FREDERICTON, N.B. - Plans for a four-lane highway link between Saint John and the U.S. border are being put on the back burner.In the past, the province has been slowly extending the two-lane highway ...
FREDERICTON, N.B. – Plans for a four-lane highway link between Saint John and the U.S. border are being put on the back burner.
In the past, the province has been slowly extending the two-lane highway west of the city toward a new international border crossing near St. Stephen. Now, the completion of that project will take a back seat to the twinning of the remaining two-lane sections of the Trans-Canada Highway (TCH).
“Our main priority right now is to get the federal government to the table so that we can finish twinning the TCH,” says Transportation Minister Margaret Ann Blaney. “Eventually, we want to complete the twinning of all the roads in our portion of the National Highway System, including Route 1.”
While the Trans-Canada bypasses the Port City, a four-lane link to the national highway is nearing completion. Route 1 east of the city is now twinned as far as Norton, and by 2004 the city will have a four-lane connector to the TCH at Moncton.
The final section (15 kilometres including the Sussex bypass) is expected to be completed within two years.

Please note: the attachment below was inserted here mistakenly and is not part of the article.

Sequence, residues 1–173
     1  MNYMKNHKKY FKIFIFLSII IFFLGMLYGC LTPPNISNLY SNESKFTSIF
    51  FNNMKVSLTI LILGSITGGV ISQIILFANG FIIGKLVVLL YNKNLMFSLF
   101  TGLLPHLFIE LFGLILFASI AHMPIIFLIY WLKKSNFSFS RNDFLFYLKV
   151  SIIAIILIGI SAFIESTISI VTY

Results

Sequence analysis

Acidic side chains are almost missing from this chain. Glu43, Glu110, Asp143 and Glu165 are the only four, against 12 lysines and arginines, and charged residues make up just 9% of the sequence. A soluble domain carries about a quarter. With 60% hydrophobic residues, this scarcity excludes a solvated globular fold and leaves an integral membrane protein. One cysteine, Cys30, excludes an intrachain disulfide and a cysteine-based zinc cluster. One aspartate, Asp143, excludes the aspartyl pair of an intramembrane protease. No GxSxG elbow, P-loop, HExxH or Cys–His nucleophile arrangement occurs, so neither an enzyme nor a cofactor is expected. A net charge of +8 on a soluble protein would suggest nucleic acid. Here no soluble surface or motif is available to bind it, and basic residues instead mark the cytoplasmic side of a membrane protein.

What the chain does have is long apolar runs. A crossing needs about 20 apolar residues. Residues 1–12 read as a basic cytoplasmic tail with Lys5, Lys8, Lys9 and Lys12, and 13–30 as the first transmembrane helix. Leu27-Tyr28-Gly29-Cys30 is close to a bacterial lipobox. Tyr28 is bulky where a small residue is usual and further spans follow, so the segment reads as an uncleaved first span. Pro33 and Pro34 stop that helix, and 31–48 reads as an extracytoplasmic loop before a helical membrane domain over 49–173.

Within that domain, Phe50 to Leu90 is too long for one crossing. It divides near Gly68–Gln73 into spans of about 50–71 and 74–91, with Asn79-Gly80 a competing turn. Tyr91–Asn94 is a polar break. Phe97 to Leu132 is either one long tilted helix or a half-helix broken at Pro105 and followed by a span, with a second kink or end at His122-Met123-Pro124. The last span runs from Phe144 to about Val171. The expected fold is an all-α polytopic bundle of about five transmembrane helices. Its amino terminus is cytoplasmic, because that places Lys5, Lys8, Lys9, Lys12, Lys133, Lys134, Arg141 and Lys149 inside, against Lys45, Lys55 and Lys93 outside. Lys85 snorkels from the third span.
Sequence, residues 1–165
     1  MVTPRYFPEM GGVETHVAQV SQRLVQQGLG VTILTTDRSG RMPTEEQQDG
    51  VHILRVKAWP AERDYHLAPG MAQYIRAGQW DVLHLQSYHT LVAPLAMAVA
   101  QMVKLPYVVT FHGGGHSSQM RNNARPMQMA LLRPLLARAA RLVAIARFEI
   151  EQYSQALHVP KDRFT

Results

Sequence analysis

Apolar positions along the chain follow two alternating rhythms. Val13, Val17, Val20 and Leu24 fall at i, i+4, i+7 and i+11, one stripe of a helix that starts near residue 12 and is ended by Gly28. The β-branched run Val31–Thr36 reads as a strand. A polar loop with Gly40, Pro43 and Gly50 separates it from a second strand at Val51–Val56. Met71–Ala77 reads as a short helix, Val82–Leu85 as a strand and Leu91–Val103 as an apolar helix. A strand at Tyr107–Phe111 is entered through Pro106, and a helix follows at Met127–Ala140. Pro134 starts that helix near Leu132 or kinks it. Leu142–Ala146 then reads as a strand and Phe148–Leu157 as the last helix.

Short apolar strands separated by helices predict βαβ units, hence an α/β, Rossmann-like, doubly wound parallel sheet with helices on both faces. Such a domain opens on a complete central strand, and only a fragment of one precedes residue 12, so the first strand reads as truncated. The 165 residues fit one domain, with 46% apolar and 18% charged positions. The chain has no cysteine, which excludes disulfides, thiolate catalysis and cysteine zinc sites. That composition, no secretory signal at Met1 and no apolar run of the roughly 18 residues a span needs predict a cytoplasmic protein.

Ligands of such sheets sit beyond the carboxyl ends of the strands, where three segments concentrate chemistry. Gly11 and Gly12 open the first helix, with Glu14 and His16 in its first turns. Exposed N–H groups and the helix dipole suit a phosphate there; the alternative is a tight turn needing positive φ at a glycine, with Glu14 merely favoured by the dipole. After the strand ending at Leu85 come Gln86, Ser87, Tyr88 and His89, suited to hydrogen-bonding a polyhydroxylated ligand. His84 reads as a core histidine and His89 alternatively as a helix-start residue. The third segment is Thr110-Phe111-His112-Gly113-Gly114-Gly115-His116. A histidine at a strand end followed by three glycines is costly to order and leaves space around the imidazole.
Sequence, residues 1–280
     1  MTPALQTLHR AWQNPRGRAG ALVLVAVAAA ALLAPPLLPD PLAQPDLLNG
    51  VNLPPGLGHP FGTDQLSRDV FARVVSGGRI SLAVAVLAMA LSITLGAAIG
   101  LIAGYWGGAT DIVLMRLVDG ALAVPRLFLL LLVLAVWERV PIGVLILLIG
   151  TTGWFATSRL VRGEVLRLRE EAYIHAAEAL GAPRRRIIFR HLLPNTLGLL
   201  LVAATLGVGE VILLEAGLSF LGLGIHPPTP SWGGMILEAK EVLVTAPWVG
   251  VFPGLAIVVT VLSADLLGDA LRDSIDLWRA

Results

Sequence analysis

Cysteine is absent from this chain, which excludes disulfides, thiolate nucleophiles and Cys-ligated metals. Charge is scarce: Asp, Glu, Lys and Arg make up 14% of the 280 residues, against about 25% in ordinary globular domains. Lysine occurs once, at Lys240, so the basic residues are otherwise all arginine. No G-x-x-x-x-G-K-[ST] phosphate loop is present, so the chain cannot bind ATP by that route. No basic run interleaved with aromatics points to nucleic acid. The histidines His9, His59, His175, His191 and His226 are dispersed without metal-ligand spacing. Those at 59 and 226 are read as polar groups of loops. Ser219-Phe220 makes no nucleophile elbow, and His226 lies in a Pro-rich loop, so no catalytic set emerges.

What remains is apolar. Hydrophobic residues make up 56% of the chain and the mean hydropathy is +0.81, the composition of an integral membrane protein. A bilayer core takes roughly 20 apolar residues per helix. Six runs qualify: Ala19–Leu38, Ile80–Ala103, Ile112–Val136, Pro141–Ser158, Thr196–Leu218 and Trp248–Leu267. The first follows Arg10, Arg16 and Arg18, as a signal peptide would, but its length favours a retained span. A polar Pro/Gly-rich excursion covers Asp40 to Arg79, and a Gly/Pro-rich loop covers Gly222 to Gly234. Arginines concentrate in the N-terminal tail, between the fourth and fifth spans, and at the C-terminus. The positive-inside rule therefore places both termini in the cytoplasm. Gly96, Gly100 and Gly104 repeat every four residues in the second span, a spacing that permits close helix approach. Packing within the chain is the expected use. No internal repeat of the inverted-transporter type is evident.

The link to the west, which would provide high-speed access to the U.S. border, appears to be nothing more than a long-term thought at this time.
Blaney says the full twinning of the western half of Route 1, at a cost of more than $200 million, is not on the province’s drawing board. Maine’s decision to abandon plans to twin Route 9 from Bangor to Calais is a leading reason for that decision.
The ruling Tories are pushing Ottawa for a new highway funding agreement to complete the twinning of the Trans-Canada. With the completion of the Fredericton-to-Moncton highway later this fall, there will be a fully twinned highway from the provincial capital to the Nova Scotia border. North of Fredericton, however, there are still long stretches of two-lane.
Blaney says the province is looking to Ottawa for the majority of the $420 million required to twin the Trans-Canada from Long’s Creek to Pokiok and from Woodstock to Grand Falls.
New Brunswick still has $75 million remaining in a federal-provincial highway funding under the current agreement, but those dollars will be exhausted over the next two years. n
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